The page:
Lower Antelope Canyon

The lesser of the two canyons in terms of a diverse range of colors and scenery, Lower Antelope Canyon nevertheless amazes with its vibrant and warm hues. Be sure to bring a camera, whether phone or DSLR/mirrorless, to capture as many great pictures of the canyon, but take a moment to just look up and see just how grand and spacious the inside of the canyon actually is, despite its outside appearance.

The tour guide that we found for this area is Ken’s Tours, which is located right in front of the entrance to Lower Antelope. There is another tour guide company next to Ken’s Tours, but look for a building with a big Lower Antelope Canyon sign on it if you want to use Ken’s Tours. Be sure to secure your spot ahead of time, as tickets do run out pretty fast the closer the date gets. Look for the link to the reservation website at the main Antelope Canyon page here.

According to the Ken’s Tours website, the tour normally takes 90 minutes to complete. This is to take into account the very large amount of people you will see that are also taking the tour of the canyon at the same time as you. The canyon will be VERY PACKED WITH PEOPLE WITH CAMERAS, so expect to deal with long lines and lots of personalities. Additionally, the huge number of people and traffic that results from it usually also means that the pace of the tour will also end up being fast if one group is behind schedule.

Be sure to listen to your tour guide as well, as he/she will give you instructions in regards to how to get inside the canyon, any safety precautions that will prevent a nasty accident, and most importantly: how to set your cameras properly so your camera captures the canyon walls properly without making the pictures end up too dark to see. Our tour guide was nice enough to tell us the camera settings ahead of time as well as provide some fun facts behind the canyon as well. Remember to treat your guide with kindness, respect and lots of smiles, as they would have gone through the tour repeatedly throughout the entire day so they may be tired.

Now to the actual canyon: the entrance of the canyon is a set of narrow and step set of metal stairs, preceded by stone and slippery steps where tour groups usually wait in before entering the canyon. Be very careful while you go down as the stairs are pretty steep and small; put away your phones and cameras so you don’t lose your footing. Most of your time will end up being here as you wait for tour groups to go in one at a time.

Once you hit solid ground, you can already see the sights that you see in pictures online. Don’t worry if you don’t catch the initial pictures, as there are more opportunities to take pictures of even better spots throughout Lower Antelope. The trail is narrow at some points and the corner turns are pretty tight as well. As you progress to the canyon, notice how smooth the canyon walls are and also how fresh the air is, despite having lots of people stuck down in the canyon with you. If you enter the canyon midday, you can definitely see just how bright the canyon walls are. The sediment on the rocks include some iron, which give the walls the redish glow once it makes contact with the sunlight. It is rather a surreal experience once you get up and close to the sights. Take lots of pictures!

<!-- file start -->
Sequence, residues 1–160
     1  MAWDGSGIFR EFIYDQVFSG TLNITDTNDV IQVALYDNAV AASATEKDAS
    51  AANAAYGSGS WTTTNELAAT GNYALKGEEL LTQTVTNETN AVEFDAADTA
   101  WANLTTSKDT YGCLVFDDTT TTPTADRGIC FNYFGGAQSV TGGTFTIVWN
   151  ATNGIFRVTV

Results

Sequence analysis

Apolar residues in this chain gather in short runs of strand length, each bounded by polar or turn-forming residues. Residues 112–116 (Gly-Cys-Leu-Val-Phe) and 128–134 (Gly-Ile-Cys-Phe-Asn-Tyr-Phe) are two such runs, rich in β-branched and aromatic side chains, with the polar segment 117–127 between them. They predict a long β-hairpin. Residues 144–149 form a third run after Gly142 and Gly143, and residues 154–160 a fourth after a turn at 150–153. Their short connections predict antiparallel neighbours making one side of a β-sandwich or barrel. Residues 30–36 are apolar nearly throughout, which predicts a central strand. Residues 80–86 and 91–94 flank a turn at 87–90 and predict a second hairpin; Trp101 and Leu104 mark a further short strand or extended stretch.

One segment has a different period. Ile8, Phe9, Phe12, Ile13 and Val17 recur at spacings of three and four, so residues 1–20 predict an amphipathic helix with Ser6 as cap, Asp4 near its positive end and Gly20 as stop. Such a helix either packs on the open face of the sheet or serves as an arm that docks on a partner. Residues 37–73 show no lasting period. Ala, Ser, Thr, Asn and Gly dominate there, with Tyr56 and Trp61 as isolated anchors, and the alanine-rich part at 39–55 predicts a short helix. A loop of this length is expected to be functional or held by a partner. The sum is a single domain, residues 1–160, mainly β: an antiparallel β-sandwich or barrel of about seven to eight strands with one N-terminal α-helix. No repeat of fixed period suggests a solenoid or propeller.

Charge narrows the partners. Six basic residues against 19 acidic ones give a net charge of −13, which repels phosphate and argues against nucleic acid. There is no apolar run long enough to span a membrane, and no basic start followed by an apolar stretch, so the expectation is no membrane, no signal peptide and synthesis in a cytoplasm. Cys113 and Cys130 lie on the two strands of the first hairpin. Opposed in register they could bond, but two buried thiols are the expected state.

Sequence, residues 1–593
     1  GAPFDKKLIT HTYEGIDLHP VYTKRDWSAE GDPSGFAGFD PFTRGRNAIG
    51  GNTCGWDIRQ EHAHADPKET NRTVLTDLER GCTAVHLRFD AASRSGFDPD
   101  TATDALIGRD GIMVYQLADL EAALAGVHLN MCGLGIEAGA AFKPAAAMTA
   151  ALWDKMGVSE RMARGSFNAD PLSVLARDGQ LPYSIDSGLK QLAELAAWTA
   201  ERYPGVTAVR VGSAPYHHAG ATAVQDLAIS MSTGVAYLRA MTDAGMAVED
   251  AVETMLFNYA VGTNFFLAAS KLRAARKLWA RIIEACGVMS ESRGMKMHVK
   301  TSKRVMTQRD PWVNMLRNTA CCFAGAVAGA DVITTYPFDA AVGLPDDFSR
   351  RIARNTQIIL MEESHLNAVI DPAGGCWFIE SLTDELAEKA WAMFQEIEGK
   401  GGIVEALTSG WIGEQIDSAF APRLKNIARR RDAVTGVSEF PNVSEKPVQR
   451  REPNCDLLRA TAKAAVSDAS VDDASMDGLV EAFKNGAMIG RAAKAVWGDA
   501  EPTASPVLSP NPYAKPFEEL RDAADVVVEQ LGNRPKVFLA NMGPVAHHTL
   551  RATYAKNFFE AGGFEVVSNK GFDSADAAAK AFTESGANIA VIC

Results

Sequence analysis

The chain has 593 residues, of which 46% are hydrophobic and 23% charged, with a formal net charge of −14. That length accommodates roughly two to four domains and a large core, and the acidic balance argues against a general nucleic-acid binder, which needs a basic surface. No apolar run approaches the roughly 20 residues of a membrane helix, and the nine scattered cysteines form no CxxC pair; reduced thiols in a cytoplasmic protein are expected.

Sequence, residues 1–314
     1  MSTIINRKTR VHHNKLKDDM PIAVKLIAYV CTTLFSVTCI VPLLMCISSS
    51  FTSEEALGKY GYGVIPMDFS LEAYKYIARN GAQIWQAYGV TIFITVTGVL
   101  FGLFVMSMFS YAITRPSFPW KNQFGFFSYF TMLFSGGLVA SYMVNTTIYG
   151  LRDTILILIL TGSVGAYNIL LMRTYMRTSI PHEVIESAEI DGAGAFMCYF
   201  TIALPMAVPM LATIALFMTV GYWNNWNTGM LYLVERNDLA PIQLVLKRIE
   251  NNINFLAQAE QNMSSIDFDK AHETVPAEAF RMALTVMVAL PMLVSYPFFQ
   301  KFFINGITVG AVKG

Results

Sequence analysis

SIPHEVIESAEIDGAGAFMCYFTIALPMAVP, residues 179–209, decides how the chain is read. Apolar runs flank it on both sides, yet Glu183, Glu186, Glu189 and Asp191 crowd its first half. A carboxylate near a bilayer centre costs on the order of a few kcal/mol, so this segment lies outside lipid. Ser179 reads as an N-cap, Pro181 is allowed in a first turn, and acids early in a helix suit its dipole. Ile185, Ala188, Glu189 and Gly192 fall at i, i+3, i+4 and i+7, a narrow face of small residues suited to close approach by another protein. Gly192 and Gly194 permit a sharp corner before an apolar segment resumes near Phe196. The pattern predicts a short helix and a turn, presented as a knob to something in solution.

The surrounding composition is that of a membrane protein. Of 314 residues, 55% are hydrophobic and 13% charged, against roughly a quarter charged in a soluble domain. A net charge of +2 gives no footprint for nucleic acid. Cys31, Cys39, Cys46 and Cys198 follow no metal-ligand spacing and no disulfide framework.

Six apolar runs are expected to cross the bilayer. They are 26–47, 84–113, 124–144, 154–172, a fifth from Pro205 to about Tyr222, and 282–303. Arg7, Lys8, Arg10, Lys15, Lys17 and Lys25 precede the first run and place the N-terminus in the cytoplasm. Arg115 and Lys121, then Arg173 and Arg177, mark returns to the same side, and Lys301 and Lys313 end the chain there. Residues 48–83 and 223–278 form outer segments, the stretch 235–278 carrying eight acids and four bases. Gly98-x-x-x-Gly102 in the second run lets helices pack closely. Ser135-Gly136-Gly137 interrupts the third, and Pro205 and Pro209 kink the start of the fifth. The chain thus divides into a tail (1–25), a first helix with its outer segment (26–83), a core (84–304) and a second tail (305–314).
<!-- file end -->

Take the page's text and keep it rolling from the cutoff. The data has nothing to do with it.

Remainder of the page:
You will notice the end of the tour when you begin to ascend up some windy stairs. At the end you will emerge from a crevice to the back of the building you started from. The drastic change from a magical wonderland to a desert landscape can throw you off a bit, but don’t be surprised if you end up looking at your camera or your phone at the photos you took throughout the tour. Don’t forget to thank your tour guide!

conclusion.

i90 minutes was all it took for Lower Antelope Canyon to blow my mind. Even though I can live without the loud noise from the large crowd of tourists and a slower pace, I managed to take in the grandeur of Antelope Canyon just by walking through the inner valley. If you are a professional photographer and have a really nice camera on hand, I suggest taking the photography tour to get the best shots of the camera as you can. However, despite the great views and breathtaking lighting, being able to go there once is satisfactory enough, as the price for a tour guide for one day  is not as worth as compared to paying for a 10 day ticket to visit an entire national park. Since it is not a public sight-seeing location, I would say going here once is good enough.

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